Rune Slagstad

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Rune Slagstad
Born (1945-02-22) February 22, 1945 (age 72)
Bergen, Norway
Era 20th century
Region Western Philosophy

Rune Slagstad (born 22 February 1945) is a Norwegian historian, philosopher, legal theorist, professor and journal editor. In addition to professional work, he has since the late 1960s contributed actively to public debate on a variety of issues from Norway.


Slagstad was editor of Pax Publishing (1971–1978) and the Norwegian University Press (1986–1989). He has held tenured professorships both at the University of Oslo, the Norwegian Institute for Social Research and Oslo University College and headed The Research Council of Norway Program on Governance and Democracy ("LOS") (1990–1998).

He initiated and co-edited the encyclopedia PaxLeksikon (with i.a. Hans Fredrik Dahl and Jon Elster),[1] co-edited the leftist journal Kontrast, and was editor-in-chief of the intellectual journal Nytt Norsk Tidsskrift[2] from 1984 through 2009. Among his significant publications are the books Constitutionalism and democracy (co-edited with Jon Elster), De nasjonale strateger (”National strategists”),[3] Rettens ironi (”The Irony of Law”)[4] and Sporten: en idéhistorisk studie (”Sports”),[5] a study of sports from a cultural historical point of view.

Slagstad has been a member of the Norwegian Academy for Language and Literature (1996-), the Norwegian Academy of Science and Letters (2002-), and on the board of Morgenbladet (2003–2009) and The Danish-Norwegian Foundation (1998-). He was one of the founders of the Norwegian Socialist Left Party (est. 1975), in which he through the 1970s also held several leading positions.[6]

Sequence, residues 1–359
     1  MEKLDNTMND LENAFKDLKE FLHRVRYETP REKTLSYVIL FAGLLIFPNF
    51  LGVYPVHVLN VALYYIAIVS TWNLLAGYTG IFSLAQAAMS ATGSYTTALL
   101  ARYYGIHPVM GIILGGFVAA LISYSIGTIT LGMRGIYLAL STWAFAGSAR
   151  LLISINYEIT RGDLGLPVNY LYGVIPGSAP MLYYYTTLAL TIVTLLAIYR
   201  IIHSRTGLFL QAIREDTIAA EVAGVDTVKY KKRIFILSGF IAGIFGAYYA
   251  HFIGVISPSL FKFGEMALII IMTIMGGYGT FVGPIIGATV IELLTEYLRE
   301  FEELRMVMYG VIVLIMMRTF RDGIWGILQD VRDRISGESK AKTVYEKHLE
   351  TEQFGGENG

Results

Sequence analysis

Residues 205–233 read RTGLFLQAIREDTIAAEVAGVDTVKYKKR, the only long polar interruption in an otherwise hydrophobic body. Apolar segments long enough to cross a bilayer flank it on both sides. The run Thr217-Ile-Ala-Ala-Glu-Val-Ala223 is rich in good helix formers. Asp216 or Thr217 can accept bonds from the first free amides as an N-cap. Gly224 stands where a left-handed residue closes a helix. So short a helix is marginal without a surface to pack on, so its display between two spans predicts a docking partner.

From 2009-2013 Slagstad held a professorship at the Centre for the Study of Professions at Oslo University College. He is currently at The Institute for Social Research working on a study of Scandinavian social-democratic sittlichkeit.

Slagstad was born and raised in Bergen, but now lives in Oslo with his wife Anine Kierulf. He has three children.

He was in 2005 announced Norway’s leading intellectual by the daily newspaper Dagbladet.[7] In 1996 he received the Fritt Ord Honorary Award.[8]


In 2006 he played flute in the church service for Jens Chr Hauge—a rendition of traditional folk tune "Jeg lagde mig saa sildig".[9]